Just add pep­per

NZ Lifestyle Block - - Contents -

Some­times serendip­i­tous events change the course of your ac­tions. I had par­tially writ­ten this ar­ti­cle when my new manchego mould ar­rived from the US (pic­tured at right). To my cheese­mak­ing soul, it is a thing of beauty.

I found this par­tic­u­lar mould after I re­luc­tantly joined Face­book to help pub­li­cise my new book, How to Make Cheese. I joined a Cana­dian-based group called Learn to Make Cheese and dis­cov­ered thou­sands of kin­dred spir­its and won­der­ful friend­ships.

Like ten­drils of a spi­der’s web, it has al­lowed me to reach so many peo­ple with sim­i­lar in­ter­ests. I men­tioned I had been search­ing for a manchego mould with a pat­terned in­sert in a 1kg size. From there, the group sug­gested Yoav Perry who founded ar­ti­sangeek.com and who has a web­site full of ev­ery­thing a cheese lover might need. He had ex­actly what I was look­ing for. I was so ex­cited to try it out.

I have been mak­ing Parme­san, Ro­mano, Manchego and Gouda for many years and have proven, fool­proof recipes, us­ing dif­fer­ent types of milk and added in­gre­di­ents. I usu­ally make these hard cheeses in a 2kg mould or larger, but my cheese­mak­ing work­shop stu­dents con­vinced me there was a need for a 1kg ver­sion, mainly be­cause of the amount of milk they can pur­chase (and carry!) and the size of their pots.

Not long after my mould ar­rived, an­other of my new cheese­mak­ing Face­book friends put up a pic­ture of her pep­per Ro­mano. It looked so fan­tas­tic I thought this would be the per­fect in­au­gu­ral cheese for the new mould.

This Ro­mano can be made with or with­out the pep­per­corns but it gives it a spicier flavour and a bit of crunch in the tex­ture. It is quite a looker on the cheese­board too.

You will need a 1kg cheese mould and fol­lower, but it needn’t be a fac­tory mould like my one. You can make a mould your­self from a large tin can with the top and bot­tom cut off. The fol­lower can be a round of wood or plas­tic cut out of a chop­ping board (you’ll need a jig­saw to cut it). Ster­ilise (boil for at least three min­utes) be­fore use.

Once ready, cut into 6mm cubes. This is very fine cut­ting, but don’t be hes­i­tant when cut­ting – be bold, it doesn’t have to be ex­act.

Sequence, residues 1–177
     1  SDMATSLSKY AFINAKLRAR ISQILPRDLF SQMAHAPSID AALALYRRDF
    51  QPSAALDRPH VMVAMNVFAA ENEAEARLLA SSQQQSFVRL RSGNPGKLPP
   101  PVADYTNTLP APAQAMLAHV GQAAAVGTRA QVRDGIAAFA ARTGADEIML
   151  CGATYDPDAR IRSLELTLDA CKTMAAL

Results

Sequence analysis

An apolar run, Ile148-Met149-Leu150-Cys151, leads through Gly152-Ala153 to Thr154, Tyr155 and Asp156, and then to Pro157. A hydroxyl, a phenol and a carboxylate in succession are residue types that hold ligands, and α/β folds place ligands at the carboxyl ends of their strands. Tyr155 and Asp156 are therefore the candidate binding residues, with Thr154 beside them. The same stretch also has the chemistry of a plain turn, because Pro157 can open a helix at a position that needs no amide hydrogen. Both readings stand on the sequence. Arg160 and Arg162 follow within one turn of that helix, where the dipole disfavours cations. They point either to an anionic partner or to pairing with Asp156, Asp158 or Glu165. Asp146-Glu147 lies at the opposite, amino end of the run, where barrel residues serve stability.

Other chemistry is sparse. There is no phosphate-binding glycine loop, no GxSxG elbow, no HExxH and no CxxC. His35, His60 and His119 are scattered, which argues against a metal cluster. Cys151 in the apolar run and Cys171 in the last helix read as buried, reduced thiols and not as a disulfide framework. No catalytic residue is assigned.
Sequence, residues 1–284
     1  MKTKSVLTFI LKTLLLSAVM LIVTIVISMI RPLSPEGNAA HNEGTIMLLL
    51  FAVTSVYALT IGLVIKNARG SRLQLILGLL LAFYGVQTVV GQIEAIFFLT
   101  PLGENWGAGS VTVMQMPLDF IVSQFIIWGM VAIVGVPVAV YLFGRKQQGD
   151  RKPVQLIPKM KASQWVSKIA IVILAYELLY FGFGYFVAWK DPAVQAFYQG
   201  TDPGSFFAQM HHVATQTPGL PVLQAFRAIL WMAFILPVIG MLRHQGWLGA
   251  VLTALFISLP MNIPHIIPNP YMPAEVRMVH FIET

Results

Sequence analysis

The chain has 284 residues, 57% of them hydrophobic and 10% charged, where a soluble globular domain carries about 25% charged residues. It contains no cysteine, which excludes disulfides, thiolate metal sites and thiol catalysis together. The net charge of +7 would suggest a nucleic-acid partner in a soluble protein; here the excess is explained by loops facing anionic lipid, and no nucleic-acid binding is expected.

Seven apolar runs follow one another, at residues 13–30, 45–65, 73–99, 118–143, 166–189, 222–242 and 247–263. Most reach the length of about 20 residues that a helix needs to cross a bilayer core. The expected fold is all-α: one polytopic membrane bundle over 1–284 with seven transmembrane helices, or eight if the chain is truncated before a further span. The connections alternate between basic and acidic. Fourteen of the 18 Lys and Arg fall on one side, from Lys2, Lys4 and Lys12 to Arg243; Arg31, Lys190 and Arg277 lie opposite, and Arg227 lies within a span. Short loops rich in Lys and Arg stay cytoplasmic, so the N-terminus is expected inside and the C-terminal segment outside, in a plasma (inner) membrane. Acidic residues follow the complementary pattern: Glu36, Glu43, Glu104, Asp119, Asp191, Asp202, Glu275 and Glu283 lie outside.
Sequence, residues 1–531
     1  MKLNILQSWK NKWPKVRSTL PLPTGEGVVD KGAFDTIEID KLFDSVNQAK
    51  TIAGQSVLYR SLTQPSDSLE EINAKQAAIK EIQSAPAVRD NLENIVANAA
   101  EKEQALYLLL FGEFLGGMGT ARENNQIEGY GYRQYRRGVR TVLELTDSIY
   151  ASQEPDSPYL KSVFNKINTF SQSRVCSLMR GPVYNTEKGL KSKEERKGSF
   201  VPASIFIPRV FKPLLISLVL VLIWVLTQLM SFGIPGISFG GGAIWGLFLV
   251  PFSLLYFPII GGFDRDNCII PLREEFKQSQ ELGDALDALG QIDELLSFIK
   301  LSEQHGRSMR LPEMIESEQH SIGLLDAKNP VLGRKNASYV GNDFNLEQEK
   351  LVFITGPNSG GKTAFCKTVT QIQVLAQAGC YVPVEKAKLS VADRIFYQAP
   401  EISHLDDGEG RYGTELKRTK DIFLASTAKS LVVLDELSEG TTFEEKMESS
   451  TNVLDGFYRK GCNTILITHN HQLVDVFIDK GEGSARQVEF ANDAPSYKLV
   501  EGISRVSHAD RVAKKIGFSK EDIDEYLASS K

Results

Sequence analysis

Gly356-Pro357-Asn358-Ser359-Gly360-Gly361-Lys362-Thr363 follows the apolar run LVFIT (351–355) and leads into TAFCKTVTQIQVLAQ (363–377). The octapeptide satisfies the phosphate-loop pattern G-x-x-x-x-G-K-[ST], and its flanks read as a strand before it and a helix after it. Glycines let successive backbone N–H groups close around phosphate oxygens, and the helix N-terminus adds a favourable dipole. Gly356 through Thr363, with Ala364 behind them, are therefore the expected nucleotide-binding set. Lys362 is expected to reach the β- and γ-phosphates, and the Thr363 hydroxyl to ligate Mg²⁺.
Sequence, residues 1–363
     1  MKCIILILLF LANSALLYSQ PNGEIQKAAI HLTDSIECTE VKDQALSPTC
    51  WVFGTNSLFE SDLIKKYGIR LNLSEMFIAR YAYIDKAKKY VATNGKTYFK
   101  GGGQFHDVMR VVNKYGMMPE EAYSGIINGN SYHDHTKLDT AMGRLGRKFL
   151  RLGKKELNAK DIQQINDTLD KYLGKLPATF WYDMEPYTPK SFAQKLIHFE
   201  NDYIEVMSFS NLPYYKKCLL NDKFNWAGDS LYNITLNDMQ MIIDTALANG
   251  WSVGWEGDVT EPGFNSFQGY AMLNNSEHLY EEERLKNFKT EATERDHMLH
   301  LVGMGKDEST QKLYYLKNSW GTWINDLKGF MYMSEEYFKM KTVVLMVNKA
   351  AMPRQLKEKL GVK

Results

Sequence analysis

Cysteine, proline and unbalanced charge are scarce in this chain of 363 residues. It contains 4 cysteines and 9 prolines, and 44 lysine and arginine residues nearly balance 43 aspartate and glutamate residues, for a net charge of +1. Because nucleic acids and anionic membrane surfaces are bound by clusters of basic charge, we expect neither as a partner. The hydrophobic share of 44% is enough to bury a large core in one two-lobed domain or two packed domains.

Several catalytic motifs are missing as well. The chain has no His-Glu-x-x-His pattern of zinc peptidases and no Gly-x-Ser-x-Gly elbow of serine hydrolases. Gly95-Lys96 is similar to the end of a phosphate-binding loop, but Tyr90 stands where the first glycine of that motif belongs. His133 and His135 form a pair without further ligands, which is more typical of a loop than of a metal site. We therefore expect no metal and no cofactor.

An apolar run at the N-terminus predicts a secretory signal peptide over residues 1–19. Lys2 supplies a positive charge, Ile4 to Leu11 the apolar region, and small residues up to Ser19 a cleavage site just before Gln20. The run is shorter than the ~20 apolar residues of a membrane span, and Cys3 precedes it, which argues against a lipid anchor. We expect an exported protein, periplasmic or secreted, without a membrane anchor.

But never mind about not be­ing able to grow them. That doesn’t stop me cook­ing with them at ev­ery op­por­tu­nity. Leeks are rather harsh when eaten raw but when cooked, their del­i­cate sweet­ness im­parts it­self to what­ever dish you hap­pen to be mak­ing. This is why I wasn’t sur­prised to find a Welsh high tea leek cake in a cute lit­tle recipe book at my friend Mary’s house. Mary has a very large and var­ied col­lec­tion of books and I could prob­a­bly spend a whole life­time just read­ing at her place in Palmer­ston North. Thanks Mary, for in­dulging me.

The Welsh are mad on leeks and all be­cause of a story that goes some­thing like this: in the 7th cen­tury, the Bri­tons won a bat­tle against the Sax­ons be­cause their pa­tron saint, St David, told them to wear leeks in their hats. What­ever the rea­son­ing be­hind this, it is com­mon prac­tise in Wales to wear leeks in your hat on March 1st – St David’s Day – and eat lots of leeks wher­ever pos­si­ble.

Dis­guis­ing veg­eta­bles in bread has be­come a parental hobby of mine due to Theo’s lack of en­thu­si­asm for most things green. For­tu­nately this one has hit the nail on the head for al­most all the kids we know and has be­come one of those ‘I need to whip some­thing up in a hurry’ go-to recipe for events that in­clude per­sons of all ages. In Ital­ian, it’s called a galette but some small happy per­son called it ‘nap­kin bread’ and it stuck. METHOD Rub the sour cream and grated but­ter into the flour/bak­ing pow­der/salt mix un­til crumbly. Add just enough wa­ter to make a work­able dough. Knead it a bit in the bowl, then wrap in plas­tic wrap and pop into the fridge while you make the fill­ing. METHOD Fry the leeks and gar­lic in the but­ter un­til slightly caramelised, re­move from the heat, add the cold meat and leave to cool. Roll the dough out into a cir­cle on a lightly floured piece of bak­ing pa­per that fits on an oven tray. Leave a 6-7 cm rim of dough clear on the outer edge, spread the fill­ing evenly over the cen­tre, sprin­kling with the cheese and salt and pep­per, then brush the rim with the beaten egg and fold it over onto the fill­ing. Brush with egg on the out­side and pop into 200°C oven to bake for 30 min­utes or un­til golden brown. METHOD Pre-heat the oven to 180°C. Slice the pota­toes thinly and place a layer over the base of a well-but­tered cake tin. Sprin­kle over a layer of leeks, dot with but­ter curls and sea­son with salt and pep­per. Con­tinue this way, fin­ish­ing with a layer of pota­toes. Brush gen­er­ously with melted but­ter and cover with tin­foil. Cook for 1 hour, re­mov­ing the foil 15 min­utes be­fore the end of the cook­ing time.

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